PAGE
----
Danny Hutton, owner of Hutton’s Radio Communications, no longer wants Moffat County to be the poster child for a lack of broadband Internet access.
Hutton is in the process of applying for a grant from the U.S. Department of Agriculture that will help build a backbone to provide the rural residents of Moffat County with wireless broadband connections.
The American Recovery and Reinvestment Act of 2009 dealt $7.2 billion to expand broadband access to communities across the nation through funding and grants. The ARRA was designed, in part, to create jobs and boost economic activity through development of technological infrastructure.
And Hutton wants Moffat County to have a slice of the pie.
He said there is no high-speed Internet coverage two miles outside of Craig. He hopes to expand coverage to those who need it.
“It’s costly to cover a remote area and without government help, that’s just not going to happen,” he said.
Hutton hopes to employ four more employees if granted the money to set up wireless towers and infrastructure.
At the same time he began the “lengthy” grant application, he started a new company, Western Wilderness Wireless, to manage the wireless portion of Hutton’s Radio Communications.
He said Western Wilderness Wireless will continue regardless if he gets the grant money.
“This is going to be a whole lot of work for me, but in the long run it is for the people,” he said.
But he thinks the hard work will be worth it.
“After living here for 50 years, you get to know a lot of people in rural areas, and they all are calling saying, ‘Hey, can you get us Internet?’” he said.
Hutton contends the benefits of Internet access are numerous.
“We have a large number of people who want to work from their homes that don’t have high-speed access,” he said. “It would also provide telephone service to those homes where there is no telephone service now.”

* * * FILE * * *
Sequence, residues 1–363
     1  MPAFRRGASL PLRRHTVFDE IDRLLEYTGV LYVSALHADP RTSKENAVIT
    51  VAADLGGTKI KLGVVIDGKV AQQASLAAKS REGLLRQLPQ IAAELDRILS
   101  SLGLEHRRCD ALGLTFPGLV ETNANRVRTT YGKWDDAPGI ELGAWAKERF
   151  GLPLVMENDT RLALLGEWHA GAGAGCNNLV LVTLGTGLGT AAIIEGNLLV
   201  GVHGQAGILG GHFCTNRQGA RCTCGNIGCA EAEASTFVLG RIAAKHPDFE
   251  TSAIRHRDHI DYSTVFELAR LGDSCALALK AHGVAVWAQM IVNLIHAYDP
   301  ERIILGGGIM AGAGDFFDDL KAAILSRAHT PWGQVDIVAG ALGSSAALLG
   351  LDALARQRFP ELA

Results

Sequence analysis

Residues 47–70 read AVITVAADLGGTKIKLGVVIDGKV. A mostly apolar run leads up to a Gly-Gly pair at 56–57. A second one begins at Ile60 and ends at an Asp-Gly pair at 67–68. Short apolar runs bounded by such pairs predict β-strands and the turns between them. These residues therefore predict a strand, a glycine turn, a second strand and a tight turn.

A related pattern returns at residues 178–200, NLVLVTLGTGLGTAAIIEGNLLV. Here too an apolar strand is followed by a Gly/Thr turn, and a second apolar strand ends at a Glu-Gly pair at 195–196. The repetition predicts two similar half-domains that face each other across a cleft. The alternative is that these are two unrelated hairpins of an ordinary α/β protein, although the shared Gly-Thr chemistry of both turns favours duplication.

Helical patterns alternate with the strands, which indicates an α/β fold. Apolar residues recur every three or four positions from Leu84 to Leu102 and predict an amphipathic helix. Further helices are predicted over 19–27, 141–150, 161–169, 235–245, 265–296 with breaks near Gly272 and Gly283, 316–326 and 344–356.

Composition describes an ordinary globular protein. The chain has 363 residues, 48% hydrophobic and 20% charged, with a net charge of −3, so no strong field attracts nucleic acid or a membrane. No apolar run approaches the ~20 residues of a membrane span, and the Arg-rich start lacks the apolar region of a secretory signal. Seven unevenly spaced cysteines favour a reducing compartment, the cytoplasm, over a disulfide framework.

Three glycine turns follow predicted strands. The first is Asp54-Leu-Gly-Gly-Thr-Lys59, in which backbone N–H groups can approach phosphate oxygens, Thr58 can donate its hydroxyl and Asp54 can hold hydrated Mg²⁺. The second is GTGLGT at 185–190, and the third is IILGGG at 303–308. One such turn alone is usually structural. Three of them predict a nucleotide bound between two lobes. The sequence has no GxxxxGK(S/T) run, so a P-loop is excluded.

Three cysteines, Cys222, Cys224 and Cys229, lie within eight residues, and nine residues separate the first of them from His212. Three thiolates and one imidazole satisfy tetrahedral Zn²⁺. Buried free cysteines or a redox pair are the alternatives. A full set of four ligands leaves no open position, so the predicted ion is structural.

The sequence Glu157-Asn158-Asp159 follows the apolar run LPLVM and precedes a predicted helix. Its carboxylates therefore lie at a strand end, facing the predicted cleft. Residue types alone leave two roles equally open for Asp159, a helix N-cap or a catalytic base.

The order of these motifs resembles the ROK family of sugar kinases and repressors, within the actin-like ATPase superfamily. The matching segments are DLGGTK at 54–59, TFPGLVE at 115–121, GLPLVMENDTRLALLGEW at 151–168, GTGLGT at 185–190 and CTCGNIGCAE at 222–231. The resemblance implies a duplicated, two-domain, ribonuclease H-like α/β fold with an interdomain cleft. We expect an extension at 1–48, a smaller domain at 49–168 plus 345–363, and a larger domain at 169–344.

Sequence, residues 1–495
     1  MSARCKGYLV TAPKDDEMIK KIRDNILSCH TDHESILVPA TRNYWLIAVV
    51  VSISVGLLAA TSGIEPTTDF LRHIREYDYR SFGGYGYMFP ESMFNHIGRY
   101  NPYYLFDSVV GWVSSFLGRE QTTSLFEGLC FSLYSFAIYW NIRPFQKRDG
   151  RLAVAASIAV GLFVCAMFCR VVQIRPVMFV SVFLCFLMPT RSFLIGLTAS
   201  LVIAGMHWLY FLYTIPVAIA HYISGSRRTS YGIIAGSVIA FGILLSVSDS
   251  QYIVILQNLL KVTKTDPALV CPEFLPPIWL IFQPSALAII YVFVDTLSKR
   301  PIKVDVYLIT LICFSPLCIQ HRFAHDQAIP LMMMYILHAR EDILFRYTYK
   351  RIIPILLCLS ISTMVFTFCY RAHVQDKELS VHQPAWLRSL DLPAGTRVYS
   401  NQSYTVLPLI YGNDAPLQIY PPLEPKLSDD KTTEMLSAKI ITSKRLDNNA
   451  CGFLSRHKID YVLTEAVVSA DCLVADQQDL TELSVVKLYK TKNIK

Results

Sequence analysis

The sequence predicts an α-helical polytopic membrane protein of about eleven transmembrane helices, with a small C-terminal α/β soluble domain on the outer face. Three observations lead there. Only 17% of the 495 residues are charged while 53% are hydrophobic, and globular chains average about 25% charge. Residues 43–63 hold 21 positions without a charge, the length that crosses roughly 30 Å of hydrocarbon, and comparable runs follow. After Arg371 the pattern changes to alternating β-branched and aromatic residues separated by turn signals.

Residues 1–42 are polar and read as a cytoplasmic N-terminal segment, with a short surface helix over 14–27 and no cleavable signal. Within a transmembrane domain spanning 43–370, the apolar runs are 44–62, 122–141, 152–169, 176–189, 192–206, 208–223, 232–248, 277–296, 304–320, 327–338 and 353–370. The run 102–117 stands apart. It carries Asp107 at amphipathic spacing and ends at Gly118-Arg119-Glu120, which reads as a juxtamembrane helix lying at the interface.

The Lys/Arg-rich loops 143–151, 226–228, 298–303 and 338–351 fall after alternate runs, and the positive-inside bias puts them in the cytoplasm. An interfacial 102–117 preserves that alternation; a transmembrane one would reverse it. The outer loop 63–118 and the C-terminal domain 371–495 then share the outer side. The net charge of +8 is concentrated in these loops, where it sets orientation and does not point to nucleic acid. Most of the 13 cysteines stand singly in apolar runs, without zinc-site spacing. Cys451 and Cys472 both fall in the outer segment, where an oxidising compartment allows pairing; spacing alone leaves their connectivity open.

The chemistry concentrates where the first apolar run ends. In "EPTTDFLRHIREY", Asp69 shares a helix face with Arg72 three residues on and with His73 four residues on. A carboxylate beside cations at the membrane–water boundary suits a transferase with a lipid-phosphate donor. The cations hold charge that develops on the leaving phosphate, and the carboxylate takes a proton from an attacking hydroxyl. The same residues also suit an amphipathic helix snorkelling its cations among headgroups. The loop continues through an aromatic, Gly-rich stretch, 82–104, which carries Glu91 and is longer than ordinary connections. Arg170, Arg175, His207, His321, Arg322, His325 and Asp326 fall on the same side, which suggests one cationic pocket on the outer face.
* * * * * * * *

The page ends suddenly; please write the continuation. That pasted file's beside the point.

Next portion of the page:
Hutton considers high-speed Internet to be a valuable community service, as well.
“We will have high-speed access at libraries and community facilities in Maybell and Dinosaur, which would benefit the tourism,” he said.
Wireless broadband also could benefit area emergency and trauma services.
“If you had, say, an ambulance that needed to pull up a Google map or remote firefighter for the BLM that wanted to pull up some information off the Internet,” Hutton explained.
He considers this distribution of information to rural areas to be a wise investment in economic stimulus money because it “benefits everyone directly.”
The Moffat County Commission supports Hutton’s request for grant money.
Commissioner Audrey Danner recently wrote a letter of support for Hutton to include with the grant application.
She contends broadband access is important for the community and economic development.
“It’s a key infrastructure,” she said. “They’re saying broadband is the next wave of electricity such as in the 1920s when they put the grid of electricity across America.”
Danner is also pleased to support Hutton’s pursuit of stimulus money.
“To use stimulus dollars for development of infrastructure in our communities, especially in rural areas of our nation, is a wise use of dollars,” she said.
Although the commission is supportive of Hutton’s request, it is trying to expand Internet services in a different way.
On March 10, the county commission approved, 3-0, a contract for services with the Statewide Internet Portal Authority to potentially add or revise the county’s Web services.
She also said the parallel issues of broadband access and services potentially provided by a SIPA partnership can better connect constituents with their government.
“Delivery of services for the government, for health care and connecting private physicians to hospitals, we’re all underdeveloped in the past and will use increasing broadband amounts,” she said.
Although Danner thinks technological development in Moffat County has come “light-years” in the past 15 years, she thinks the county needs “to keep moving forward.”
Brian Smith can be reached at 875-1794 or email@example.com.